OAESV has compiled the following resources for your use in addressing the Steubenville case. Please feel free to share these resources widely in your community.
NEW! Ohio Alliance to End Sexual Violence and National Sexual Violence Resource Center Recap of Steubenville Trial (October 2014)
The Ohio Alliance to End Sexual Violence (OAESV) and the National Sexual Violence Resource Center (NSVRC) were on site at the Jefferson County Juvenile Court in Steubenville, Ohio, March 13-17 to provide insight and expertise on sexual violence and prevention‐related topics. In addition, AEquitas: The Prosecutors’ Resource on Violence Against Women was available via phone (202-558-0037) to provide legal expertise. Follow @OhioAllianceESV on Twitter under the #Steubenville hashtag for ongoing updates.
Click here for the resource page from the National Sexual Violence Resource Center.
TALKING POINTS: 3 Critical Points When Addressing the Steubenville Rape Trial
Click here for KEY STATEMENTS made by OAESV & NSVRC.
Thursday, March 14th: Reflections from Steubenville: The Role of Social Media in Prevention, National Sexual Violence Resource Center
Friday, March 15th: Beyond Steubenville: Tools for Engaged Bystanders, Jennifer Benner, NSVRC
Saturday, March 16th: Focusing on Victim Behavior Will Not End Sexual Violence, Dan Clark, Cleveland Rape Crisis Center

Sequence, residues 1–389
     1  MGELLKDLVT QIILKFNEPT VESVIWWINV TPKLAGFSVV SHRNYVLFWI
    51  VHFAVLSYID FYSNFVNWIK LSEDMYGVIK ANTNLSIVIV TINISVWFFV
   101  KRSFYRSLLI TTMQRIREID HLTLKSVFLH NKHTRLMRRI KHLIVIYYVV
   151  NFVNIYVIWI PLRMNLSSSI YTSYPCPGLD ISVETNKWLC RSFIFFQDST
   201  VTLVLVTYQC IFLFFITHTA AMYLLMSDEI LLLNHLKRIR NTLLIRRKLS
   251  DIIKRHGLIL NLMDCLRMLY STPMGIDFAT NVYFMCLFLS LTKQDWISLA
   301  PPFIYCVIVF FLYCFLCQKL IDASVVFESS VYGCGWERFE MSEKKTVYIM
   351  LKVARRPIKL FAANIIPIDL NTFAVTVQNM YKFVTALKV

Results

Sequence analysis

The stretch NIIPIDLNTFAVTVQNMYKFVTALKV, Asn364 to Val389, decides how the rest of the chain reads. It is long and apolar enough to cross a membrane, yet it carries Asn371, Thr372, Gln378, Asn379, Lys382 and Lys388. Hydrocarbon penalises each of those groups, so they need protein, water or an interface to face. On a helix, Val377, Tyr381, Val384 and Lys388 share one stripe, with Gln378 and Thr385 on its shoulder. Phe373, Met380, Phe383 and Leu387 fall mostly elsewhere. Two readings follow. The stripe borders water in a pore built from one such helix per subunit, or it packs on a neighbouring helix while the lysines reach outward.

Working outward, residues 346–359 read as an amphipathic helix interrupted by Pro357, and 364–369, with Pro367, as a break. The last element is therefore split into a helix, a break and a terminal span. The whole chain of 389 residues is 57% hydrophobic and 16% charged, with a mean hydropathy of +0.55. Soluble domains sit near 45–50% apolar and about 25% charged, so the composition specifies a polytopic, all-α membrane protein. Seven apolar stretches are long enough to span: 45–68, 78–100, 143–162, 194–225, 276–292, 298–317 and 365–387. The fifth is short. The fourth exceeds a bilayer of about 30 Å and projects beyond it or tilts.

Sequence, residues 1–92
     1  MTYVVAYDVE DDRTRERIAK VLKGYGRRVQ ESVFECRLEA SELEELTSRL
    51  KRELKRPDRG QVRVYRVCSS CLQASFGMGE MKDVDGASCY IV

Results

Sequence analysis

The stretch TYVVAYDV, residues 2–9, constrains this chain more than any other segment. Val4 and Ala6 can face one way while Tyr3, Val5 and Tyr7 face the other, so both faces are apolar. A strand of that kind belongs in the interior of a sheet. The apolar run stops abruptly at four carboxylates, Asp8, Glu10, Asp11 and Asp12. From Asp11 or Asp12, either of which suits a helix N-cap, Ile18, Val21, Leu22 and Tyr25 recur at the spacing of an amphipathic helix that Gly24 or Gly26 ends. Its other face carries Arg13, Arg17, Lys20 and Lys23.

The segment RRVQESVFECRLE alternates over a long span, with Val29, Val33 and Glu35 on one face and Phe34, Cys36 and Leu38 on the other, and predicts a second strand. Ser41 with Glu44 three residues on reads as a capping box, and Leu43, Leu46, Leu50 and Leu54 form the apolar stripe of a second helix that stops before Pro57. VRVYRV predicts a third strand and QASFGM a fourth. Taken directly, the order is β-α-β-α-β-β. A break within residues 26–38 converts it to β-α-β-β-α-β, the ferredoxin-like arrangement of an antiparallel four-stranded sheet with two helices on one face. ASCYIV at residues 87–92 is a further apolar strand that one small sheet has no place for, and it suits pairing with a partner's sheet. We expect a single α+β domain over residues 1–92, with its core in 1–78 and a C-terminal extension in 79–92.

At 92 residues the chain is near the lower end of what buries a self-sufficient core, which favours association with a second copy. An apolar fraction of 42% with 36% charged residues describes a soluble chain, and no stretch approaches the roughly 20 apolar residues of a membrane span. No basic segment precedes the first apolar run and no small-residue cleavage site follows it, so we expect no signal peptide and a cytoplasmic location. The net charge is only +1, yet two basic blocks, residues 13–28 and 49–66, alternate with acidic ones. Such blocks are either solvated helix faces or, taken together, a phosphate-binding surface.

SAMPLE LETTERS TO THE EDITOR:
Click for OAESV IN THE NEWS
STATISTICS ABOUT SEXUAL VIOLENCE
RESOURCES FROM THE NATIONAL SEXUAL VIOLENCE RESOURCE CENTER (NSVRC)
Statement from the author of NSVRC’s information packet about engaging bystanders, due out this May:
“There is much out there on bystander and social media. Social media allows people to interact with each other virtually and people can freely express thoughts and feelings they may not normally share if they were in a face-to-face situation with another person. While this can be used to perpetuate harmful stereotypes and perpetuate sexual violence, it can also be used to perpetuate healthy respectful relationships and norms. Bystanders can be shown how to respond to unhealthy media images and social media by responding in a critical and positive way to what they see online by commenting on other’s posts. Bystanders can also post images or other items that represent healthy sexuality and healthy relationships is a way bystanders can create a positive online space and community. Advocates and preventionists can engage users of social media by incorporating into their bystander prevention programs how to be an active bystander in online spaces and provide examples of what that looks like. The anonymity of the internet could make it easier for a person to be an engaged bystander.”
Peer facilitated youth based bystander program Stand and Serve
RAPE PREVENTION & EDUCATION